Toyota USA opened its doors on October 31, 1957. In its first full year of sales, the division sold 288 vehicles total: 287 Toyopet Crowns, and one Land Cruiser. The company almost gave up the US market, but persevered. Today, it’s built 25 million cars in the US. Continue reading
The annual Nisei Festival in the Little Tokyo district of Los Angeles is a celebration of Japanese American culture. Nisei means “second generation” in Japanese, but with its 84 years since the inaugural festival, the event has already been passed down to the third, fourth, and fifth generation and beyond. Aside from the time during World War II when Americans of Japanese descent were placed in internment camps, it has taken place every year, and the Nisei Week car show has become an integral part of the week-long festivities. Continue reading
This article was originally published May 31, 2016. In honor of the 50th anniversary of the 1968 Marathon de la Route today, we are re-publishing this story.
The Mazda Cosmo Sport. This space age sports car from the spunky little company in Hiroshima is now a bona fide blue chip classic, a poster child of vintage Nihon sought after by collectors and auction addicts. It is an exquisite car. Its design was delightfully out of this world, as was its revolutionary engine. It even has racing pedigree: a short but important stint at Marathon de la Route. This race is often mentioned in the same breath as the Cosmo’s history, one of the most epic rallies in motorsport history. It’s a mad mad mad mad race. Continue reading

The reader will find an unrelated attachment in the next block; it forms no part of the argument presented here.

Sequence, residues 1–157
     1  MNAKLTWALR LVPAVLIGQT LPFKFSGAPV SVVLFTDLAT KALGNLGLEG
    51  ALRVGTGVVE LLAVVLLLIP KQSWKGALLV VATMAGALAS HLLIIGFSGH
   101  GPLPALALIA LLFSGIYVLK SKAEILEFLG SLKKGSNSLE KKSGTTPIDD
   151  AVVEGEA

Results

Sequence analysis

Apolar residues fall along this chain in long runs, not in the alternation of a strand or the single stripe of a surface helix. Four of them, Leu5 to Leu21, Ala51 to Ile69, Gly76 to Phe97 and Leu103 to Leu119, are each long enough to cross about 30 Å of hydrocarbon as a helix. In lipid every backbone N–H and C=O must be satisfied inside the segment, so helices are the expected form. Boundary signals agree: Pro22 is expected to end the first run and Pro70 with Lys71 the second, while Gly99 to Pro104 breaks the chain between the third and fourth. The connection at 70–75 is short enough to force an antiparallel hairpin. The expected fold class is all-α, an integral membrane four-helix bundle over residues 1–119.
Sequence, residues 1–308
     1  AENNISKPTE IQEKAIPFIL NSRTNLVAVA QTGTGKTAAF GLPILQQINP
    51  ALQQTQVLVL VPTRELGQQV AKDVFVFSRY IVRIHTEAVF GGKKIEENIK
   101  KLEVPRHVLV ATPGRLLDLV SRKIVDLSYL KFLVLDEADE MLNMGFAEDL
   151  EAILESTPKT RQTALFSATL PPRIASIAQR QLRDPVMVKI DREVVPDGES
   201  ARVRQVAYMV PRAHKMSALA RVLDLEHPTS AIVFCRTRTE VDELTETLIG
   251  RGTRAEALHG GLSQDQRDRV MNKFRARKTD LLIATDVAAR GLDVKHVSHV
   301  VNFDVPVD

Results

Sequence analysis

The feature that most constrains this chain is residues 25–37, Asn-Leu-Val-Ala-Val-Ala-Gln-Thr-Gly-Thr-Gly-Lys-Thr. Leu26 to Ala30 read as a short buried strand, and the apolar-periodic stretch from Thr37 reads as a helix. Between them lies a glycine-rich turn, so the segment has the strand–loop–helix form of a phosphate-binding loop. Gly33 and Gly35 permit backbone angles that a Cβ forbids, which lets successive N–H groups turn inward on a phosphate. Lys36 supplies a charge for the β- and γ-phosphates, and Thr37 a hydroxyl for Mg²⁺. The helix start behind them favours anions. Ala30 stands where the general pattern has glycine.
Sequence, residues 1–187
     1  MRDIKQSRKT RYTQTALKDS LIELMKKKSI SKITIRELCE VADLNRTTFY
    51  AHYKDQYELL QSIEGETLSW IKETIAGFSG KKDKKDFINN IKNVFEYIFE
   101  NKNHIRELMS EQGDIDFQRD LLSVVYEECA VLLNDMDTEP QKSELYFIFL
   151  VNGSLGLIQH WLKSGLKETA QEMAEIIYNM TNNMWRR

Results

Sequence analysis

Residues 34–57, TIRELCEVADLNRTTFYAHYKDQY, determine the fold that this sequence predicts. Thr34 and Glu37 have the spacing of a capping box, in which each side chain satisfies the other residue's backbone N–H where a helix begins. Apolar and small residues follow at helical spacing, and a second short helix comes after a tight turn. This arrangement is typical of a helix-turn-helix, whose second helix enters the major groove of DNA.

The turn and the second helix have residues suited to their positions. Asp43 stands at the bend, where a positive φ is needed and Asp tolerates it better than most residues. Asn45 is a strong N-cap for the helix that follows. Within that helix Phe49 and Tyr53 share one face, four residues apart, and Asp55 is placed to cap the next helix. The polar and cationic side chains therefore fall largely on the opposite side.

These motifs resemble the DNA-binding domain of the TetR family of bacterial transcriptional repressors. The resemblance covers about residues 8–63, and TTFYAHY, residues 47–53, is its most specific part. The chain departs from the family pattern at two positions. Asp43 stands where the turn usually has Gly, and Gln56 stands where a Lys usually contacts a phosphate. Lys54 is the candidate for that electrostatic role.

Ah, the glove box. Gone are the days when driving gloves were a thing, and so few actually store gloves in there now. Now, the little compartment on the dash is more likely to contain an owner’s manual, maybe a writing instrument of some sort. We suppose the days of paper maps are gone, but what else is this compartment good for?
What’s in your JNC glove box right now?
Last week a Nissan Fairlady Z caught fire near Lake Yamanaka in Japan. The area, located by Mt Fuji, is known for its outdoor sports, scenery, and driving roads, and it’s a frequent hot spot for Miatas, Toyota 86es, and the like. Sadly, after this recent incident, it’s home to one less Z. Continue reading
Monterey Car Week takes place next week, and we’re seeing more Japan-market classics trickling their way over to US shores. Perhaps the most desirable among this year’s crop is a genuine 1972 Nissan Fairlady 240ZG, a homologation special with factory G-nose. Continue reading
We just learned about a new Japanese magazine that we are now obsessed with. Outdoor Aso-Kuru, which roughly translates to “vehicles for playing outdoors” is all about cars and trucks that have been modified for camping, and the photo that brought us to it was this Datsun 620 with a custom wooden home on the back. Continue reading